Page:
Those staffing gaps contributed to a few districts’ decisions to briefly return to virtual learning over the last month. The challenges were widespread enough to prompt Education Secretary Miguel Cardona to ask states and districts to consider urgent new efforts to add staff, from signing bonuses to legal shifts that would allow retired educators to return to buildings.
The World Health Organization warned Monday that people who have been vaccinated or who have recovered from COVID are more likely to contract the new, fast-spreading variant than they were the delta variant. That could mean additional staff absences — even when vaccination rates are high — and more building closures where schools are already short-staffed.
The CDC is recommending schools utilize “test to stay,” which could keep more students and staff in school during a surge
In places like Colorado, the delta variant has posed a months-long threat to schools’ normal operation. There, school-based COVID outbreaks have been common, but schools switching to remote learning have been rare — largely due to relaxed quarantining rules.
More schools are taking steps in that direction. The Centers for Disease Control and Prevention last week endorsed “test to stay,” a protocol that allows unvaccinated students who would have had to quarantine after COVID exposure to instead remain in school if they have no symptoms and regularly test negative.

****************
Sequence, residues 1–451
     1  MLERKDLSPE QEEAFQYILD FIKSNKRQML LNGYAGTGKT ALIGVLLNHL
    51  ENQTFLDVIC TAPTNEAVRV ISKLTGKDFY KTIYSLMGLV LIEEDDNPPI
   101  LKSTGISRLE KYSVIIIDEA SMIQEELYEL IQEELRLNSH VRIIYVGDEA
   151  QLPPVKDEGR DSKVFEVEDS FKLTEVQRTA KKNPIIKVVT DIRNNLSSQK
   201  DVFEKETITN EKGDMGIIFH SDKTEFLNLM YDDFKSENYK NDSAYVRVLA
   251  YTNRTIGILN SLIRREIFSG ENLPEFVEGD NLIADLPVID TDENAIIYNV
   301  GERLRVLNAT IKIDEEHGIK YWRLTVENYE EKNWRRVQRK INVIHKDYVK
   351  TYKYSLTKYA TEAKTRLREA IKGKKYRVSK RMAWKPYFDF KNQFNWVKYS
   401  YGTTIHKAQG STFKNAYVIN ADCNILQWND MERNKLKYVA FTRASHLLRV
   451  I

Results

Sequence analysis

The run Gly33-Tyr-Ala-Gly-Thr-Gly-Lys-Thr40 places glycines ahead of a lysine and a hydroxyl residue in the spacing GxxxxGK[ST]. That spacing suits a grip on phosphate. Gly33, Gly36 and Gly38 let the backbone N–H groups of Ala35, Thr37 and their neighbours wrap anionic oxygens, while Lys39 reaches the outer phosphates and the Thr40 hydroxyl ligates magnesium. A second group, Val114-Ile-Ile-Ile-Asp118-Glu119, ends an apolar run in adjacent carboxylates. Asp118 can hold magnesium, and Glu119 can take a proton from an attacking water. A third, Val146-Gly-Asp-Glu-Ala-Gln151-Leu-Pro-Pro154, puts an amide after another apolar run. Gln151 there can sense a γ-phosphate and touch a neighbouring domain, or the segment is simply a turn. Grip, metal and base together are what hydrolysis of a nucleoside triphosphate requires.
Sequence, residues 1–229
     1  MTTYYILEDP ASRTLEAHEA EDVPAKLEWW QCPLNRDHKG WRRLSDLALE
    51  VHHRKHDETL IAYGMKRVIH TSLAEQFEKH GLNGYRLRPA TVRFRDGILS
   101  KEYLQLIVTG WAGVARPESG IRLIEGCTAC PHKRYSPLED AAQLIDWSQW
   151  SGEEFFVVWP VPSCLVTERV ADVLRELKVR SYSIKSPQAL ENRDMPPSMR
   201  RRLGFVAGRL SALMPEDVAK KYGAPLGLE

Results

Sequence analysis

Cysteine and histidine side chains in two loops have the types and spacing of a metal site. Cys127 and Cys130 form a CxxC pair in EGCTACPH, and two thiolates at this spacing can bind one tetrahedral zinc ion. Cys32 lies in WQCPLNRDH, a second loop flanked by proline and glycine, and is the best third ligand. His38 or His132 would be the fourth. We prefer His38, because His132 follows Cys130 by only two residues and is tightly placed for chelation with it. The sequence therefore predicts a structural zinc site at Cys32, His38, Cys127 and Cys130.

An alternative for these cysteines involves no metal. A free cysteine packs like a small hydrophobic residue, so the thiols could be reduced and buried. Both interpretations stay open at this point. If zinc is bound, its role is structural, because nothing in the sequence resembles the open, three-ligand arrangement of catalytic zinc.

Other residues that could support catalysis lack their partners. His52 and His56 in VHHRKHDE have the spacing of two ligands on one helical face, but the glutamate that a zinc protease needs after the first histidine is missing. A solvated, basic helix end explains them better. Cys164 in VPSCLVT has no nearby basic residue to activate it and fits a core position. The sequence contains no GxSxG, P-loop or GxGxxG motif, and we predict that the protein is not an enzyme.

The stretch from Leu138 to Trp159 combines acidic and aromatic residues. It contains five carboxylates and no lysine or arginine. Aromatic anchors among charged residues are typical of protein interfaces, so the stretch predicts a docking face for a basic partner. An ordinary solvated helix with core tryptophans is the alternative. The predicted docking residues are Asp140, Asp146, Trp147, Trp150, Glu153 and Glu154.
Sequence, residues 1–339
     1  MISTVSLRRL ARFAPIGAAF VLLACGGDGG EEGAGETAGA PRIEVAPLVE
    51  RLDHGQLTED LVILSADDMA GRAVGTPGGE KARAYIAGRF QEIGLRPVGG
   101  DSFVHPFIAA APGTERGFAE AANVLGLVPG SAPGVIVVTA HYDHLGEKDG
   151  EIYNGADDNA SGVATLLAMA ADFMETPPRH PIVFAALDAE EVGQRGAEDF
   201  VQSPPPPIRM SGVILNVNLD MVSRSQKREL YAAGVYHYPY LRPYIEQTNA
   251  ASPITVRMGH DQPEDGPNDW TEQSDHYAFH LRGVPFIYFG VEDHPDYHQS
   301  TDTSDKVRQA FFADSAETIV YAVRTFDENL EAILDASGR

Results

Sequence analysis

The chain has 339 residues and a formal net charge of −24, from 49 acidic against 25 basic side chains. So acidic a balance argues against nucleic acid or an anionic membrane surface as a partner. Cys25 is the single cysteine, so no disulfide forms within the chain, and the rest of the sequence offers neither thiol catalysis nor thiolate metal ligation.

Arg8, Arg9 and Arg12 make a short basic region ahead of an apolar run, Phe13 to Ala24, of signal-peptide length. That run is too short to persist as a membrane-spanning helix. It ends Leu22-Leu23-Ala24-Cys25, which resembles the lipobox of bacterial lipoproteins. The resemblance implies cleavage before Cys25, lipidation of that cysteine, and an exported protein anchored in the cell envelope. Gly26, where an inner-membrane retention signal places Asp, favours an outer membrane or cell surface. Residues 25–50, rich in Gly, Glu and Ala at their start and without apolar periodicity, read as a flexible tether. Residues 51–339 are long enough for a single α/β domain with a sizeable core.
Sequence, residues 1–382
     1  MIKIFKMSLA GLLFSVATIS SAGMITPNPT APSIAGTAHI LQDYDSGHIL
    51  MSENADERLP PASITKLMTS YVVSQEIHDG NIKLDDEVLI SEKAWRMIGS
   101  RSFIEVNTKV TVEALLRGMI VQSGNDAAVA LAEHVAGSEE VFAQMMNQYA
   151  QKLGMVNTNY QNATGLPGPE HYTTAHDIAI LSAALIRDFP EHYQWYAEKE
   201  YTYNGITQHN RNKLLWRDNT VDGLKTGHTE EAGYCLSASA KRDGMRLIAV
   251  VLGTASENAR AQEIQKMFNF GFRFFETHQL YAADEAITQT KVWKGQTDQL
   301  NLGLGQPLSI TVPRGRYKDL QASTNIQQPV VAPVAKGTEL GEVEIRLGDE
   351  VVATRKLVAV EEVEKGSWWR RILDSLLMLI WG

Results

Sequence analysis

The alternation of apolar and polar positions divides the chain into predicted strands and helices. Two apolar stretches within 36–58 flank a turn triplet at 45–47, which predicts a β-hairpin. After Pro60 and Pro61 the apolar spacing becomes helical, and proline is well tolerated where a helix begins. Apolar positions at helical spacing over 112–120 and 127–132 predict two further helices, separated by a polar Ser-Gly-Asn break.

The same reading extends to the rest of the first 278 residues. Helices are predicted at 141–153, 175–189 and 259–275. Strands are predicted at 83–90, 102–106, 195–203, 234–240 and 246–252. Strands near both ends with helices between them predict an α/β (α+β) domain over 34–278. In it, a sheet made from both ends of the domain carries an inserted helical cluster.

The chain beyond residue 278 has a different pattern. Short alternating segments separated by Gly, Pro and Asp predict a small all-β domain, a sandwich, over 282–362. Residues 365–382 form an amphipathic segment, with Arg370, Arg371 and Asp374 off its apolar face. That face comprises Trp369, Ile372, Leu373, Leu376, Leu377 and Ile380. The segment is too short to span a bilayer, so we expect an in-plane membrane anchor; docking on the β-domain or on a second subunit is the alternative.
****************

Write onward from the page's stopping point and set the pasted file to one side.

A variety of districts have adopted the practice, and state officials in New York and New Jersey signaled support on Monday. In places where most students haven’t given consent for frequent testing, the logistics of a true “test to stay” program remain difficult. Chicago is piloting it in just one school.
Districts are beginning to rely more on at-home testing, another tool to monitor and limit spread. Chicago is distributing 150,000 at-home tests meant for students before returning after winter break, and D.C. is asking families and staff to use the extended spring break to pick up tests of their own.
At-home rapid tests may be more accessible soon, too. President Biden announced Tuesday that Americans will be able to request free tests to be delivered to their homes starting in January.
Chalkbeat is a nonprofit news site covering educational change in public schools.